Under the agreement, which is expected to be signed in November 2018, the Trade Ministry has eased investment regulations in Indonesia’s education sector exclusively for Australian higher education institutions. This has been made possible by granting foreign equity participants (FEP) to the country thus enabling Australia to realise its investment in Indonesia's higher education sector.

Additionally, the agreement will also provide an opportunity for 200 Indonesian students to attend an internship program in Australia as part of a transfer of technology. The internship program is open to nine sectors, namely education, tourism, telecommunications, infrastructure, health, energy, mining, finance, and information technology. The Indonesian government expects the program to expand to other Commonwealth countries in the near future.

Challenge and opposition

Despite the benefits and positive reception, not all stakeholders are happy with the policy. There is a strong opposition from a number of local, private campuses against the policy.

Indonesian local universities fear that the entry of foreign universities will make it more difficult for them to attract talented faculty members and, most importantly, students. Furthermore, the lack of both will force local campuses to close down their operations. Additional opposition comes from community groups and religious organisations who fear that foreign campuses may remove nationalistic principles and religious values from education.

Nevertheless, the concerns of local, private universities that the presence of foreign universities will seize their market share and put them out of business seem to be overstated. Foreign universities will impose higher tuition fees than the average Indonesian university given their focus on the upper-middle-class segment. Thus, their presence will only impact, if at all, a handful of elite universities, both private and state-owned ones.

To address these concerns, the Indonesian government is imposing a variety of restrictions which limit the commercialisation of higher education by foreign institutions. These include the obligation to adjust the programmes to local rules, culture and conditions including using Indonesian names, language, and being an Indonesian legal entity. Another restriction is that the government is only allowing foreign universities to offer a few, selected majors such as science, technology, engineering, mathematics, business, and management. Moreover, the proportion of foreign faculty is also limited to 40%, and they need to operate on a not-for-profit basis in a specially designated area.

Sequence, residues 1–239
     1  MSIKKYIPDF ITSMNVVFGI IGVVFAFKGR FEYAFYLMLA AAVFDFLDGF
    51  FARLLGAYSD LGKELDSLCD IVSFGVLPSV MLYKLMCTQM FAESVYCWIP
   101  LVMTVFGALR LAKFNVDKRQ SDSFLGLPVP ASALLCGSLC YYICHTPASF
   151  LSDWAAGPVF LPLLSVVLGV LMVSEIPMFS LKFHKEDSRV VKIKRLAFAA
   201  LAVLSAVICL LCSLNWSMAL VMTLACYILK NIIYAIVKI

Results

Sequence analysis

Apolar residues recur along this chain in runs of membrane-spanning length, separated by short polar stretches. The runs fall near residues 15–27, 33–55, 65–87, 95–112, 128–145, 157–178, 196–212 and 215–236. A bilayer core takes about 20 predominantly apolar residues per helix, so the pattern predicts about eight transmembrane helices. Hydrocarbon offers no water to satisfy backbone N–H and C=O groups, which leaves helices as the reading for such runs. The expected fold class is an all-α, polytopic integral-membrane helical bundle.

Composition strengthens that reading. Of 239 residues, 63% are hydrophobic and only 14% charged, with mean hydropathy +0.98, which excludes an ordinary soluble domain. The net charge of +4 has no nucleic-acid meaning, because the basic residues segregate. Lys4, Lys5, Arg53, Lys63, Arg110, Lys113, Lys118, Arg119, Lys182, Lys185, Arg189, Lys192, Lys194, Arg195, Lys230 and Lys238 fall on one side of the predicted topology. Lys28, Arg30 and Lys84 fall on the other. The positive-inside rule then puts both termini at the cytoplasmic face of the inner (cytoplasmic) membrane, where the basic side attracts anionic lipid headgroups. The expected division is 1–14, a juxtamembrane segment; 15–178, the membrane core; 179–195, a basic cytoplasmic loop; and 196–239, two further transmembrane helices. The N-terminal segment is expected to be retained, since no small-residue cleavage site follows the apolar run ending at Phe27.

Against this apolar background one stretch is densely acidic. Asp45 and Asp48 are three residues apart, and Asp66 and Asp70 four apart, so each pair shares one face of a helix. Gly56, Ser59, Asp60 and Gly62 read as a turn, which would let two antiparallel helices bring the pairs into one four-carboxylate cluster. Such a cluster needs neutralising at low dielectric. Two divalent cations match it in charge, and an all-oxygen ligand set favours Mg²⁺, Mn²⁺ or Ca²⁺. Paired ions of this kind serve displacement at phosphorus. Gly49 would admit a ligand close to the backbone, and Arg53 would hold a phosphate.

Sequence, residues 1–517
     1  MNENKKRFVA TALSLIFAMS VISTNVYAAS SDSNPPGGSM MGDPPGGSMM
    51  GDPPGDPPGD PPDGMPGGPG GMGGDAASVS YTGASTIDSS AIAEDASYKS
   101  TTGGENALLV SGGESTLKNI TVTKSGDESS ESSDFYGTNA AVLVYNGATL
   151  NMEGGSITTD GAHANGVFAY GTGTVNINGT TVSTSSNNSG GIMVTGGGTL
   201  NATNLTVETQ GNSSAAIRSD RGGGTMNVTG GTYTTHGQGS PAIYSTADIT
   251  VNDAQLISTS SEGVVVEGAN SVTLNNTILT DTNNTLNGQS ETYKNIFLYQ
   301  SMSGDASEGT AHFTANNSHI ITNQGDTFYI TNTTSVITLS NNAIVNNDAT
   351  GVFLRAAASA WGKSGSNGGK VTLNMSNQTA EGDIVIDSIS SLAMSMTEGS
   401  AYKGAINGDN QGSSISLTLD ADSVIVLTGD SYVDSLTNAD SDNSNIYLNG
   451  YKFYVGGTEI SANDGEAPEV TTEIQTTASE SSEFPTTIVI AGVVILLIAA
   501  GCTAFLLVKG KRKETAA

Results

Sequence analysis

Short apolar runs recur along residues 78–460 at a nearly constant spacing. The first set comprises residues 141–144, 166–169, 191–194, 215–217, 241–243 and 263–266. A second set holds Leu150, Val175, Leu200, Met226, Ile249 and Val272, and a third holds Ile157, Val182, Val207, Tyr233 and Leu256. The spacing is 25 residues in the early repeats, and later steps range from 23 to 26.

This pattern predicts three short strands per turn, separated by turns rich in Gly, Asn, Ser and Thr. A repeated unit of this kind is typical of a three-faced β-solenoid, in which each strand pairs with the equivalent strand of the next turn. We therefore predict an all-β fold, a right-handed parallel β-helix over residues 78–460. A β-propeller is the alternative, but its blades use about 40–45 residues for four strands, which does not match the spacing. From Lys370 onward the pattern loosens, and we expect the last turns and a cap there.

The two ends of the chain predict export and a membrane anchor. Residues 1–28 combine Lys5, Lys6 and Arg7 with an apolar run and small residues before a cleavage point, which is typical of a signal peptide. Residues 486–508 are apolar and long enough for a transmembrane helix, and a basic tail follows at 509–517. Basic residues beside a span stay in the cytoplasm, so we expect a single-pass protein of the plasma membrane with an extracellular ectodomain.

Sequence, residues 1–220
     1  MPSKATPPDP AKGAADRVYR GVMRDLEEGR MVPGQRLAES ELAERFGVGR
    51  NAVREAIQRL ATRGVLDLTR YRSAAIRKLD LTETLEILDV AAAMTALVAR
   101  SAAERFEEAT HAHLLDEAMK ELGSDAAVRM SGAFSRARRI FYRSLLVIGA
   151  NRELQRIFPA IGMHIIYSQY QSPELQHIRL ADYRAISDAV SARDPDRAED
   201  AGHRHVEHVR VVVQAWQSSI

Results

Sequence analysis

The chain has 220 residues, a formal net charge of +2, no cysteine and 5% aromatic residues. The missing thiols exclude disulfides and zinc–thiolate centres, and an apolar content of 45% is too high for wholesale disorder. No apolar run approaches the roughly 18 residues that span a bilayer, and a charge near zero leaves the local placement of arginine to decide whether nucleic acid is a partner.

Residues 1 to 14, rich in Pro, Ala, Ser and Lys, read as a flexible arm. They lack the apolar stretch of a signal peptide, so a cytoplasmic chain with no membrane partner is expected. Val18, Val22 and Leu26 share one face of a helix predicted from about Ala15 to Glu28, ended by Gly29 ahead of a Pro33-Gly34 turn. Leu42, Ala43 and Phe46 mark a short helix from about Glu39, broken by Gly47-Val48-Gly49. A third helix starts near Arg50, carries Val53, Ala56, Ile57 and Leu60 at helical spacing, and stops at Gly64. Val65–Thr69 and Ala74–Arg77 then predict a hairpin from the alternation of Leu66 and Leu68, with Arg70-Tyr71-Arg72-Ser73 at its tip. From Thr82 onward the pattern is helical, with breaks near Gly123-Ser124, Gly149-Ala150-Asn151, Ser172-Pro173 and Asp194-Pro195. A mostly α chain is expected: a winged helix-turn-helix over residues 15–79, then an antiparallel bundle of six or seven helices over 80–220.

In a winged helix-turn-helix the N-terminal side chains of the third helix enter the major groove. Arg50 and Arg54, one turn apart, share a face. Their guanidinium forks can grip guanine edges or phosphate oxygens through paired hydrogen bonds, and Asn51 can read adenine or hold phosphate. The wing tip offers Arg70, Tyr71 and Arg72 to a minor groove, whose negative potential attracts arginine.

Unfortunately, these restrictions have reduced the attractiveness of the Indonesian higher education sector despite its huge economic potential. As a result, many foreign universities have postponed their entry into the country.

The planned entry of Australian universities will prove crucial as it will either make or break the policy. It will either pave the way for the entrance of numerous foreign universities into Indonesia or it will see them give up their interest altogether if the partnership model offered by the Indonesian government proves to be unviable and unsustainable.

Remain prospective

Having said that, the prospects for investment in Indonesia's higher education sector remains positive. In 2018, no less than 2 million high school graduates went to college with a gross enrollment rate of 31.5%.

At the same time, the number of Indonesia’s upper-middle-class families with sizeable disposable incomes is growing. This market segment has the means and resources to finance their children's education at any cost. The presence of the local branch of foreign, reputable universities will become an attractive alternative for these people as opposed to sending their children to study abroad — an estimated 40,000 students were sent abroad in 2010. Around 17,000 of these students are enrolled in Australian campuses, while others form a majority of enrolled students at the Singaporean branch of Australian and UK campuses. This illustrates ample opportunity to capture a market that is aspiring to provide their children with an international standard of education without leaving the country. 

Global Business Guide Indonesia - 2018

icone share

Indonesia Education Snapshot

Number of Tertiary Education Institutions: 4,445 (2016)
Type: 91.5% Private, 8.5% Public
Students in Higher Education: 4,941,574 (2016)
Net Enrolment Rate in Tertiary Education: 22% (2014)
Relevant Law: Higher Education Law No. 12 of 2012 provides universities with the autonomy to set their own tuition fees and authorising the set up of foreign universities in partnership with Indonesian institutions.